Table of Contents Author Guidelines Submit a Manuscript
Emergency Medicine International
Volume 2012 (2012), Article ID 698562, 14 pages
Review Article

Helicopter EMS: Research Endpoints and Potential Benefits

Department of Emergency Medicine, University of Oklahoma School of Community Medicine, OU Schusterman Center, 4502 East 41st Street Suite 2E14, Tulsa, OK 74135-2553, USA

Received 27 September 2011; Accepted 5 October 2011

Academic Editor: Jeffrey Goodloe

Copyright © 2012 Stephen H. Thomas and Annette O. Arthur. This is an open access article distributed under the Creative Commons Attribution License, which permits unrestricted use, distribution, and reproduction in any medium, provided the original work is properly cited.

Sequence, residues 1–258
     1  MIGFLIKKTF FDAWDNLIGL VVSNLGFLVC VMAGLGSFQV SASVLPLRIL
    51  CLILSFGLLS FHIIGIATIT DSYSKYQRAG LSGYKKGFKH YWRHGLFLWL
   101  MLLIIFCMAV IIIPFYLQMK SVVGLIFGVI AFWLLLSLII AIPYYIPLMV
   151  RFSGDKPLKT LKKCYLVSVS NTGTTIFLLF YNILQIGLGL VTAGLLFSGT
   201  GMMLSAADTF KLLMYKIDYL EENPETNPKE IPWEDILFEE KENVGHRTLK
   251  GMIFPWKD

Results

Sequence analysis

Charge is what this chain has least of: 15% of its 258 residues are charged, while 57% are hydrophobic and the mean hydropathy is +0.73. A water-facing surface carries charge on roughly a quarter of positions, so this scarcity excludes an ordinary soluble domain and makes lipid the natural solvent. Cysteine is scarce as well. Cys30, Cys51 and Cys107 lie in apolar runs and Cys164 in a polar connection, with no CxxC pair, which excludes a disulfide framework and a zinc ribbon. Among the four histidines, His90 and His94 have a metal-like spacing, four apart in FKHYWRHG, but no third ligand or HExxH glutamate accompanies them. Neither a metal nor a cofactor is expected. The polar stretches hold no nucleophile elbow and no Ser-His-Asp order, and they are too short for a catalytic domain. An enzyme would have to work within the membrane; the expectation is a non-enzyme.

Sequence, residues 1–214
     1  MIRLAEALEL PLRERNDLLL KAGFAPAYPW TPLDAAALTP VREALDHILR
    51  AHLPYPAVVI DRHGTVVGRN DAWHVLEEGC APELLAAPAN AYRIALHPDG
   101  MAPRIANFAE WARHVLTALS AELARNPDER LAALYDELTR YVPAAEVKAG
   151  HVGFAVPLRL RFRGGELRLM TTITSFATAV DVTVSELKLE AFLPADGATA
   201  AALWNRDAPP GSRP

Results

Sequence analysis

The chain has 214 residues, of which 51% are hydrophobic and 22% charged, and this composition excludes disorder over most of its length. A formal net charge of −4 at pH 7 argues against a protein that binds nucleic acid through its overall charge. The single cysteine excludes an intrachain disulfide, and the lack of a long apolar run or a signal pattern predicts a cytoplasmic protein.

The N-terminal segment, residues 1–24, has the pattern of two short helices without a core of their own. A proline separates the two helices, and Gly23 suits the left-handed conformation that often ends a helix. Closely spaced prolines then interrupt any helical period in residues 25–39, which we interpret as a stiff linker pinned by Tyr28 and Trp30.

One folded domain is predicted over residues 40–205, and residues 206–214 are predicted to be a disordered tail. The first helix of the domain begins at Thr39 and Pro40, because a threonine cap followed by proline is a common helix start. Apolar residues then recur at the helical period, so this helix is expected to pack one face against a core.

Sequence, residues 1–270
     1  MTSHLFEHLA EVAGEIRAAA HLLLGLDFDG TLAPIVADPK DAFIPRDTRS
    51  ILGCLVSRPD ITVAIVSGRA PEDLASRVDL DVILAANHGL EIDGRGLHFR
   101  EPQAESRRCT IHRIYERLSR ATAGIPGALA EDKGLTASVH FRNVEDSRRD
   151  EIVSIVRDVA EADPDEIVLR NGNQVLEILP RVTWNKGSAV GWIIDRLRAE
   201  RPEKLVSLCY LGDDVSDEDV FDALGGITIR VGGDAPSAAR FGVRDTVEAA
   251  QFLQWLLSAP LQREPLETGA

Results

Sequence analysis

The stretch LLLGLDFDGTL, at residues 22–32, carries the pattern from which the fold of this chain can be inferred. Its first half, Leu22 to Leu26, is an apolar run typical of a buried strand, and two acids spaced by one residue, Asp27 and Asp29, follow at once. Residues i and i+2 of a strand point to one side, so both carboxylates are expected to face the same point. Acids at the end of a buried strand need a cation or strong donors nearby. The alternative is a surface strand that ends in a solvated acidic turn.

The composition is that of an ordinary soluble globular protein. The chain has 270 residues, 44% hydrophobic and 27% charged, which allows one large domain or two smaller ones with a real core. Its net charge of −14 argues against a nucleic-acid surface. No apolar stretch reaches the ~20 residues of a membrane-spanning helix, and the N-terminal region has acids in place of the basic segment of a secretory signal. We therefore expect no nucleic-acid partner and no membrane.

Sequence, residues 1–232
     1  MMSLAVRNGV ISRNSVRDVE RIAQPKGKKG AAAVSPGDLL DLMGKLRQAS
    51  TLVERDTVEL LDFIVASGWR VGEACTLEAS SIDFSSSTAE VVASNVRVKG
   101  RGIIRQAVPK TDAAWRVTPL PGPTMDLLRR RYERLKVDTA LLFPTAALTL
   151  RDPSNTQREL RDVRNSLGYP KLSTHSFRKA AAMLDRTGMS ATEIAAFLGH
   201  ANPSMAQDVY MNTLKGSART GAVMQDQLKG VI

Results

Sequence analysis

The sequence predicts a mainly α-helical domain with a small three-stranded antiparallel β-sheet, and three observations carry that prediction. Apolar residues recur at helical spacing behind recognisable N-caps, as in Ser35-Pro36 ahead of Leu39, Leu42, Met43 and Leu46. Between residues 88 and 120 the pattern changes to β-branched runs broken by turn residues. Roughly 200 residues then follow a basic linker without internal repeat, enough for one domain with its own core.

Patients, EMS systems, and healthcare regions benefit from Helicopter EMS (HEMS) utilization. This article discusses these benefits in terms of specific endpoints utilized in research projects. The endpoint of interest, be it primary, secondary, or surrogate, is important to understand in the deployment of HEMS resources or in planning further HEMS outcomes research. The most important outcomes are those which show potential benefits to the patients, such as functional survival, pain relief, and earlier ALS care. Case reports are also important “outcomes” publications. The benefits of HEMS in the rural setting is the ability to provide timely access to Level I or Level II trauma centers and in nontrauma, interfacility transport of cardiac, stroke, and even sepsis patients. Many HEMS crews have pharmacologic and procedural capabilities that bring a different level of care to a trauma scene or small referring hospital, especially in the rural setting. Regional healthcare and EMS system's benefit from HEMS by their capability to extend the advanced level of care throughout a region, provide a “backup” for areas with limited ALS coverage, minimize transport times, make available direct transport to specialized centers, and offer flexibility of transport in overloaded hospital systems.